DUNDALK — Students from Patapsco High School and Center for the Arts participated in the second annual Educators Rising Conference, held for BCPS students interested in education careers, on Jan. 9.
Close to 300 students from 20 Baltimore County middle and high schools participated in two professional development sessions at Baltimore County Community College (CCBC), Dundalk campus.
Students were able to meet and interact with representatives of local colleges and employers, and engage in a service-learning project.
The purpose of the event is to build a pipeline into careers in education in Baltimore County Public Schools (BCPS).
BCPS also offers The Teacher Academy of Maryland and Child Development Completer programs, which serve that role of motivating students to be educators.
This is an initiative to grow BCPS teachers who are products of BCPS.
“The focus today was on equity issues and social justice issues, so students can feel like education is a good pathway for them to pursue because they can change lives and they can change the world this way,” Alicia Fales, a BCPS Office of Career and Technical Education supervisor in the Office of Careers, said. “We need to be encouraging students to come into this career and feel like they can make a difference in this world.”
According to Fales, research shows that the majority of teachers in the country are white women. BCPS officials want to recruit teachers, as well as influence more men and women of different races to join them.
“One of the goals is to really have students be able to see themselves in the classroom. Research has shown that students do better when they have at least one teacher who looks like them. When teachers can relate and connect with students, they do better,” Fales said.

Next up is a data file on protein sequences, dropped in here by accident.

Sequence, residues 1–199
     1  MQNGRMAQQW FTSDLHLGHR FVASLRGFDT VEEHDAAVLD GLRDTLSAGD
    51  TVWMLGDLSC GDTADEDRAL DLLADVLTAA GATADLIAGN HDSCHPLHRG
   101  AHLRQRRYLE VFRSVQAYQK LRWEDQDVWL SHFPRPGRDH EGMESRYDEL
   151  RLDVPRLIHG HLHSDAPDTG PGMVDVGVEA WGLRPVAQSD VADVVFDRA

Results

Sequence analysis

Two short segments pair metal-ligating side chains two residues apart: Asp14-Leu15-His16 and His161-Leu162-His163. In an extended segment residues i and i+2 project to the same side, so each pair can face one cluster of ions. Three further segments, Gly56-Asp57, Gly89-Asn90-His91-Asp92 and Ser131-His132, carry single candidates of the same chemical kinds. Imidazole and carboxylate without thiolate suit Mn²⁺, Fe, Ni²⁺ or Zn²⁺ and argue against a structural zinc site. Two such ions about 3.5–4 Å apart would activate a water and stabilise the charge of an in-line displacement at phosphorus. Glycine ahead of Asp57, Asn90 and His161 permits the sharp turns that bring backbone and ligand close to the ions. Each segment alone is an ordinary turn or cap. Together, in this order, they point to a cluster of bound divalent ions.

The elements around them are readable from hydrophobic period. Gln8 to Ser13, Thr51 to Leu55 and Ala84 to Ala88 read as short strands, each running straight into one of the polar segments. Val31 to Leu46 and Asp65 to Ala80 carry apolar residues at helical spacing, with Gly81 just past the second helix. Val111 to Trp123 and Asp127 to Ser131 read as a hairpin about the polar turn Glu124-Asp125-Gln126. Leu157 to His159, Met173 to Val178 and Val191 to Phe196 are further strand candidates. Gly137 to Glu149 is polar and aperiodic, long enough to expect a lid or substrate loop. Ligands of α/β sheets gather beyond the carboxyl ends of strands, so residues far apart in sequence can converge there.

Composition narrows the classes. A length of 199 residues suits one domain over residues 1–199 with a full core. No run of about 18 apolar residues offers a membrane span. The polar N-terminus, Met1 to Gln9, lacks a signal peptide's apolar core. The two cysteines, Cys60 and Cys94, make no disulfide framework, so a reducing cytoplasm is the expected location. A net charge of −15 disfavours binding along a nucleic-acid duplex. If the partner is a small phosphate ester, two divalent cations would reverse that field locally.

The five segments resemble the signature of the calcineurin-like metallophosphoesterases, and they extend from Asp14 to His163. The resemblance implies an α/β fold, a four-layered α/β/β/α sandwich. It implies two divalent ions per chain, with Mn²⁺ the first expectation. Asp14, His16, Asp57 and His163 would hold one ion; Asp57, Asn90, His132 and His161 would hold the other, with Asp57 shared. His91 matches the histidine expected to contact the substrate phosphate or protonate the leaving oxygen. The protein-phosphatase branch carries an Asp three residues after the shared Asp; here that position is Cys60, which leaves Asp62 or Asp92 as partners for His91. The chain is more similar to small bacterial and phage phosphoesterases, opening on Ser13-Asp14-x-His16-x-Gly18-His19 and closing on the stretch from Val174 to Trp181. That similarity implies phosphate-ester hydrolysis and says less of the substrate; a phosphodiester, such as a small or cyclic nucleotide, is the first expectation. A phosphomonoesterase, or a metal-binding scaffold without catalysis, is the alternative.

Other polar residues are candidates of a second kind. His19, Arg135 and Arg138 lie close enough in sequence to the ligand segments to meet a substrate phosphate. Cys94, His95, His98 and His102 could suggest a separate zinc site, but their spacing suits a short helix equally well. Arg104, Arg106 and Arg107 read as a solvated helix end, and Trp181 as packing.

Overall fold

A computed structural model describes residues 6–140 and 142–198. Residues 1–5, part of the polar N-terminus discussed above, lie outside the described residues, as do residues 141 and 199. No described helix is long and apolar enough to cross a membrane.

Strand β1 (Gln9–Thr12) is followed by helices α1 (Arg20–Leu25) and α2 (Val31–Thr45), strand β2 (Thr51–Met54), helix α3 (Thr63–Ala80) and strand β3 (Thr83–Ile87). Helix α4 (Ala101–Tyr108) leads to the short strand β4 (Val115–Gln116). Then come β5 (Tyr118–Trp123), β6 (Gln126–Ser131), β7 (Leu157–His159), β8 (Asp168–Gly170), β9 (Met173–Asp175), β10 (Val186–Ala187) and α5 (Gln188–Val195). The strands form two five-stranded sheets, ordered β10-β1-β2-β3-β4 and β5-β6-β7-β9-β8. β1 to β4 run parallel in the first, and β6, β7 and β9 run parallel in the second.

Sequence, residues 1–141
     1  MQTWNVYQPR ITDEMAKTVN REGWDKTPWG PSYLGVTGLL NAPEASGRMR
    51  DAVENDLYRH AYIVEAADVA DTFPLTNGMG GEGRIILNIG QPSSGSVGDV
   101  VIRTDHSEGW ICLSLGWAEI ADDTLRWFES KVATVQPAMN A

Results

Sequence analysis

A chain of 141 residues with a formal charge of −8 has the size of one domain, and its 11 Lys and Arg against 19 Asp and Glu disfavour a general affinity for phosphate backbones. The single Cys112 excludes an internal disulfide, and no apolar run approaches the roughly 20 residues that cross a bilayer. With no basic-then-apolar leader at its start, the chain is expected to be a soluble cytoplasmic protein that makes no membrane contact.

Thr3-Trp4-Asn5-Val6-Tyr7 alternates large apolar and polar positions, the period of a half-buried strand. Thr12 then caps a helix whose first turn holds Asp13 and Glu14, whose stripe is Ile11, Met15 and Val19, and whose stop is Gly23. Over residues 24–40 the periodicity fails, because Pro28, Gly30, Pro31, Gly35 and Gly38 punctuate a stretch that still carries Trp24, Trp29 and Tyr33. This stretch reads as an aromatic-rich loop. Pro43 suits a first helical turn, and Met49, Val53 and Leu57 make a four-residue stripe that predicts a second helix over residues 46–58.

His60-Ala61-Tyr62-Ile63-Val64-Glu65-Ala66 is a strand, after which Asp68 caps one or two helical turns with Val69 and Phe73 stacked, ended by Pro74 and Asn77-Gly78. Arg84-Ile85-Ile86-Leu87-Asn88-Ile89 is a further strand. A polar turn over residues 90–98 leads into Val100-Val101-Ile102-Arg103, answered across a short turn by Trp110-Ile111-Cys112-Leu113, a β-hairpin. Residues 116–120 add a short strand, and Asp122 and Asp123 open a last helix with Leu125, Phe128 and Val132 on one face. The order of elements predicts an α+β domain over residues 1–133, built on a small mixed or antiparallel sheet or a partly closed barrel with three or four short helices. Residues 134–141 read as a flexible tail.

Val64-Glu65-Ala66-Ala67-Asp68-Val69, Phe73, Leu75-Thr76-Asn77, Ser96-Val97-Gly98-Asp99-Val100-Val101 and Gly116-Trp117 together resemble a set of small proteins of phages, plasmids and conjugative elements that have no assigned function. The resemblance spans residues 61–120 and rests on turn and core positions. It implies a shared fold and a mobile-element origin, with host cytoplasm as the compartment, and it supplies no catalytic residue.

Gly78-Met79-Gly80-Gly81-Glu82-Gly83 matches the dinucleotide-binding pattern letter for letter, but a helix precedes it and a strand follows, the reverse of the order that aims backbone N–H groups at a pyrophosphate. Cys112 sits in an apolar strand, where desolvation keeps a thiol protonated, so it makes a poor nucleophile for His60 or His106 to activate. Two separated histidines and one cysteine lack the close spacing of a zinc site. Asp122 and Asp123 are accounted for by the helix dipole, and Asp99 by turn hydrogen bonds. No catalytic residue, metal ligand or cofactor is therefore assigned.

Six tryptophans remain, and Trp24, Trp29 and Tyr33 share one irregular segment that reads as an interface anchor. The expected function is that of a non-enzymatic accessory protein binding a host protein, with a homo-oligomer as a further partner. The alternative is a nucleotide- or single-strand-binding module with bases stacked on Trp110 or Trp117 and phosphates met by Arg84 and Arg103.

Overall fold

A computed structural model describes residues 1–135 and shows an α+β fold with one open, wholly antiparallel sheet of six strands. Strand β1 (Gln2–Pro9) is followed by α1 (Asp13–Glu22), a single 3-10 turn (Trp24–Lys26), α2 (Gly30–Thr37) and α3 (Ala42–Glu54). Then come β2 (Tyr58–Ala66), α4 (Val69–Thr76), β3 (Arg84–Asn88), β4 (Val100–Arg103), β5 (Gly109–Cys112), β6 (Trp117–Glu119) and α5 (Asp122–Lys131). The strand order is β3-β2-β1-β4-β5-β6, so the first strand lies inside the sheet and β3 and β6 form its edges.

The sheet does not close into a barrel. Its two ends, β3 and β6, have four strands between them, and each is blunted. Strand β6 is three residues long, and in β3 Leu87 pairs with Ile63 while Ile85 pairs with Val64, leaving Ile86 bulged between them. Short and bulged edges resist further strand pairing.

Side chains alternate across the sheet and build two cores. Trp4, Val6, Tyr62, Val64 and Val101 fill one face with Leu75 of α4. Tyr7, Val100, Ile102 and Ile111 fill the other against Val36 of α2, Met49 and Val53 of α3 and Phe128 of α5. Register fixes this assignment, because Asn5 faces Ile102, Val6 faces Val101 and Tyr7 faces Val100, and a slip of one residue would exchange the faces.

Being that there is a teacher shortage across the country, BPCS Superintendent Darryl Williams said one of the best ways to provide excellent teachers for the future is looking at BCPS students and encouraging them to come back and start a career.
“We want you to enter into, I think, one of the best professions out there,” Williams said. “Teaching is the one profession that creates all other professions. So, we do need more teachers and what’s more impressive is having our students to get their credentials and return back to BCPS.”
CCBC president Dr. Sandra Kurtinitis, who was an english professor for 23 years, said that teaching was the best training she could ever have done to prepare her for her current job as a college president.
“That’s because the classroom and the people who we need to be in it are never far,” Kurtinitis said. “My job is to make sure that the teachers in the classroom have what they need to be able to do what we rely on them to do, which is to teach students in a 21st century way, in a 21st century classroom, in a 21st century environment.”
Teachers don’t usually go into the field expecting to make a lot of money, according to Kurtinitis.
“Teachers don’t do what they do for the money they will make,” she said. “They actually do the work that they do because it brings them pride, it brings them fulfillment and it brings them satisfaction. What they’re doing is fostering in their students a high sense of achievement, of understanding, what it means to be a good citizen. What a gift it is to just be able to read, to speak, and to think. That’s what we teachers do and that’s what takes us back to work every single day.”
“What I hope you’ve gotten a glimpse of today is how connected CCBC is to the educating of teachers,” she added.
Keynote speaker, UMBC President Dr. Freeman A. Hrabowski, III said he wasn’t going to bore the future educators with a simple lecture and dialogue. So, he tried an activity to model to the students the teaching approach that he found most effective in the last few years.
Hrabowski asked the students questions, made them stand up, involved them in exercises and explained to them how to carry themselves once they enter a classroom.
To drive the point that educators play a significant role in people’s lives, Hrabowski asked students to talk about their favorite teacher and what they did to influence them. The students were anxious to be called to stand and shine light on their most impactful educator.
“Teachers really do help children develop a sense of self,” Hrabowski said.
By the end of the event, students left the event with glee and piled into their buses to head back to school.
Educators are hopeful that the students will seriously consider training at CCBC for careers in education at BCPS.